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Obesity is the condition of being overweight. The specific definition of obesity may vary depending on source, but is frequently characterized by individuals who are at least 20 percent above their ideal body weight, based on age and height. Obesity has been linked with medical conditions such as diabetes, high blood pressure, strokes, and coronary heart disease. Worldwide, the number of obese people continues to rise.
Historically, obesity was an uncommon feature of social life. Through much of human history the primary dietary concern was the pursuit of adequate nutrition. In preindustrial environments obtaining and/or growing food was a difficult endeavor. In some societies in the past, being overweight or obese served as a marker of status; the ability of an individual to obtain high-caloric and excess food was affiliated with a higher socioeconomic position.
In the 20th century, the existence of obesity has emerged as a social issue in both developed and developing countries. The increased incidences of being overweight or obese vary in the developed world. The United States, in particular, appears to be facing a growing epidemic, with more than a third of Americans being overweight. In contrast, European nations tend to have lower incidence of obesity; however, the numbers of overweight individuals in many of these nations are also on the rise.
Traditionally, it was believed that obesity was only an issue in developed societies, but it is becoming apparent that obesity is affecting populations in developing societies. One correlation that appears to be associated with growing incidences of obesity in the developing world is the increasing likelihood of a Western diet, which is often more inclusive of meat and carbohydrates, as well as high calorie processed foods. Still, many underdeveloped nations continue to face famine and undernourishment, which are strongly influenced by economics. In these societies, obesity emerges primarily among higher socioeconomic groups.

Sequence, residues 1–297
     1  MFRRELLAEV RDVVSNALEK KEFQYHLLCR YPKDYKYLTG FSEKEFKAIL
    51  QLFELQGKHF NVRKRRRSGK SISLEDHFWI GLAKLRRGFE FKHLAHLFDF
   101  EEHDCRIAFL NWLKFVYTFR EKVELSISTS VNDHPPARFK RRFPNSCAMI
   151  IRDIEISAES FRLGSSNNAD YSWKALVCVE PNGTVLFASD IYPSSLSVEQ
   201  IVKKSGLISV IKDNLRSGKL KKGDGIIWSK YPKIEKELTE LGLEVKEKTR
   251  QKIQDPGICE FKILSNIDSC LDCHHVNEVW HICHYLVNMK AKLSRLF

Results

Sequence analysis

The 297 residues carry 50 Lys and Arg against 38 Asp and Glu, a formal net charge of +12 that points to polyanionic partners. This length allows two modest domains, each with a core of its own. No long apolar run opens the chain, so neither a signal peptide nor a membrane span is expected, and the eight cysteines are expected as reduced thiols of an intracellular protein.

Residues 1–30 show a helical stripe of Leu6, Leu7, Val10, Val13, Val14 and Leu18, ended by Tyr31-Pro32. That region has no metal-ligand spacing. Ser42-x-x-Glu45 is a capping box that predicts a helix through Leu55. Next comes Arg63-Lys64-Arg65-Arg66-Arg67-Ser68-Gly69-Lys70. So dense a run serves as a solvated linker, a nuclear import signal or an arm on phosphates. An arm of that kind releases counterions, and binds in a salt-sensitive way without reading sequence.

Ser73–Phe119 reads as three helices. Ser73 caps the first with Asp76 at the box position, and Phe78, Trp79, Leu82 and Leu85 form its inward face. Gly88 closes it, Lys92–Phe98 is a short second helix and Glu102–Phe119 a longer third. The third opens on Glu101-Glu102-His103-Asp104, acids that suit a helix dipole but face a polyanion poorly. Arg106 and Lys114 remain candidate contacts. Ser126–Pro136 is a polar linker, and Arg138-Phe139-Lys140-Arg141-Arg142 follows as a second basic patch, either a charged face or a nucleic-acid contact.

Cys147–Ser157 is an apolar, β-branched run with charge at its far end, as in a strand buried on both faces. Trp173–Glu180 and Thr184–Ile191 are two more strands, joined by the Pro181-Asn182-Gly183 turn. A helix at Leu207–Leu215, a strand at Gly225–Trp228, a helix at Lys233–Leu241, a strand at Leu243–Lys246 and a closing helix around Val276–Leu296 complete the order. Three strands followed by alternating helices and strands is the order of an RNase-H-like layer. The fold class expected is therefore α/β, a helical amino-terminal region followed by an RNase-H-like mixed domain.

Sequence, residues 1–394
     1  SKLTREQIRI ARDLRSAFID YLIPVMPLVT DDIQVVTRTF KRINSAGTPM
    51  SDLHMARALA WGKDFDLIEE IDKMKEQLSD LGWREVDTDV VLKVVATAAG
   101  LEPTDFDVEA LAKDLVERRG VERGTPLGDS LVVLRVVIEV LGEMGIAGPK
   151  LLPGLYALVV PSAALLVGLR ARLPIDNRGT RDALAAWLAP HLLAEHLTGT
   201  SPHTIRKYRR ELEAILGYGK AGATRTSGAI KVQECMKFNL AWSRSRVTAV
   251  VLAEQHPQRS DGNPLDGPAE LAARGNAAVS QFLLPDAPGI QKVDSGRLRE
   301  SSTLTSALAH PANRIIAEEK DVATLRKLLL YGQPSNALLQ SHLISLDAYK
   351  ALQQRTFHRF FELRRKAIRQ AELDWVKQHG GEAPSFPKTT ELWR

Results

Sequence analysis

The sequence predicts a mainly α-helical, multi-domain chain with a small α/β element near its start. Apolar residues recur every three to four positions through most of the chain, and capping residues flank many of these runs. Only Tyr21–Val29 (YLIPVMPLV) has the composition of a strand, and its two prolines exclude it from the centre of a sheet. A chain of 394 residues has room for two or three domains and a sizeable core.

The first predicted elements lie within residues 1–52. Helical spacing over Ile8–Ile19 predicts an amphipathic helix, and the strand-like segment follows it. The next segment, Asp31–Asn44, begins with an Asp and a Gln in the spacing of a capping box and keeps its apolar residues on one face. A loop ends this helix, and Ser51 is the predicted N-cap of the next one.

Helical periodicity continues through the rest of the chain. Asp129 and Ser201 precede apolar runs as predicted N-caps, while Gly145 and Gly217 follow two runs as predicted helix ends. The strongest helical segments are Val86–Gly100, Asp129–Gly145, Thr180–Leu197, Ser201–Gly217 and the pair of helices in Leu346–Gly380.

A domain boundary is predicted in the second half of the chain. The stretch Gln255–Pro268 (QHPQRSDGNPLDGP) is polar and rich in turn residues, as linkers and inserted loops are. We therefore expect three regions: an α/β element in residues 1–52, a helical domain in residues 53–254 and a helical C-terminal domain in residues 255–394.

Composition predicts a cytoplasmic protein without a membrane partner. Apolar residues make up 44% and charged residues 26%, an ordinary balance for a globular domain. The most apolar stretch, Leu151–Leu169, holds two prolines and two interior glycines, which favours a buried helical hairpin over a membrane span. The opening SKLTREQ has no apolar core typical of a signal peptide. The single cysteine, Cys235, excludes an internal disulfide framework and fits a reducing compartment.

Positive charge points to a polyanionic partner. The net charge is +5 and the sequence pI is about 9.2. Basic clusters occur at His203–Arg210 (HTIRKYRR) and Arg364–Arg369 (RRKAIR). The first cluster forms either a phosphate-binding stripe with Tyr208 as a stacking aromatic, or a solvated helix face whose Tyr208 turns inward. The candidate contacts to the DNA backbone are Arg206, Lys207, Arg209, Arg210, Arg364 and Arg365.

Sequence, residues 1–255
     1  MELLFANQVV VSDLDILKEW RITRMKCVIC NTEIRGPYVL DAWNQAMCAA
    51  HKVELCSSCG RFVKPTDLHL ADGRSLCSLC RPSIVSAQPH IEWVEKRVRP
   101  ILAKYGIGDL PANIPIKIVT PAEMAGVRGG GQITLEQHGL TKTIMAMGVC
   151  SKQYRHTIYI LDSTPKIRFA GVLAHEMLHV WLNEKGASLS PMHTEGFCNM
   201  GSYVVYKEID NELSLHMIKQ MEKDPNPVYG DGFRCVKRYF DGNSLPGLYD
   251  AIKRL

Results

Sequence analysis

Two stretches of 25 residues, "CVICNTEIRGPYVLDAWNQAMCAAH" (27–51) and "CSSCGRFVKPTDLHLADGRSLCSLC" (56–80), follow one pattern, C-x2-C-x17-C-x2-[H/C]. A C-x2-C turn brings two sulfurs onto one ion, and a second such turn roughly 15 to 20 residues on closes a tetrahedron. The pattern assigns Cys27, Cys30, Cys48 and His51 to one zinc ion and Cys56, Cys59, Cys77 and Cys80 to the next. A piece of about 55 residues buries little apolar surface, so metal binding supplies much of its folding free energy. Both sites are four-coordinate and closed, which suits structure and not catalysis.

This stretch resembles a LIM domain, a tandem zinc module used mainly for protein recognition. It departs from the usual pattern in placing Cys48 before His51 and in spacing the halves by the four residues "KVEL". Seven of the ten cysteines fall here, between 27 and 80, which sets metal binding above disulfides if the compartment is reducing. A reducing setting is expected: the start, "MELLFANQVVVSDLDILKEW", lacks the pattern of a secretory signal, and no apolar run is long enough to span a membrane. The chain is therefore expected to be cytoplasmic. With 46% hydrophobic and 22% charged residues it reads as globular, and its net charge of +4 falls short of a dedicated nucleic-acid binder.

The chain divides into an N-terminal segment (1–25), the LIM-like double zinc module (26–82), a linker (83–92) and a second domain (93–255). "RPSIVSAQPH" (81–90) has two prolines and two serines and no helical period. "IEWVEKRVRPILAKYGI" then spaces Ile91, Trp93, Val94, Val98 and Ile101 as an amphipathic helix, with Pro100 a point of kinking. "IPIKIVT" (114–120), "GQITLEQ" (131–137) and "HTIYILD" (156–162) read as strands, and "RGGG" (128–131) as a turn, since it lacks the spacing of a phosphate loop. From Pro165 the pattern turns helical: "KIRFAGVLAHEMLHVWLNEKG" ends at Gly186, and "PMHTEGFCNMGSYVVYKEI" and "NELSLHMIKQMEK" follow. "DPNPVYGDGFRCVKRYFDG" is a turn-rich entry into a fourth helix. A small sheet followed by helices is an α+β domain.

Industrialization and increasing dependence on and use of technology are affiliated with this shift toward obesity. Technology first enabled the expansion and further development of agriculture, which improved the availability of crop foods for consumption. New means of transportation eased the distribution of food goods within a nation and between nations. Increased supply of diverse food sources, particularly within nations able to afford them, has expanded the choices and palates of many within the developed world. Technology has also fostered the transformation of food crops into high calorie processed foods. The consumption of calorie-dense foods, such as snack goods and soda, has been strongly tied to obesity.
Technology has also changed the types of work people do. In developed nations, many people no longer do much manual labor. This transformation of work has led to decreased calorie spending and has been complimented by increased calorie consumption, leading to obesity. Finally, technology, particularly media such as television, has led to more sedentary leisure activities (also often accompanied by increased calorie consumption) which may also lead to obesity.
- Eric Finkelstein, Christopher J. Ruhm, and Katherine M. Kosa, “Economic Causes and Consequences of Obesity,” Annual Review of Public Health (v.26, 2005);
- Carlos A. Monteiro et , “Socioeconomic Status and Obesity in Adult Populations of Developing Countries: A Review,” Bulletin of the World Health Organization (v.82, 2004);
- Rodolfo M. Nayga, Jr., “Sociodemographic Factors Associated with Obesity in the USA,” Journal of Consumer Studies & Home Economics (v.23, 1999);
- M. Young, “Globalization and Food Scarcity: Novel Questions in a Novel Context?,” Progress in Development Studies (v.4, 2004).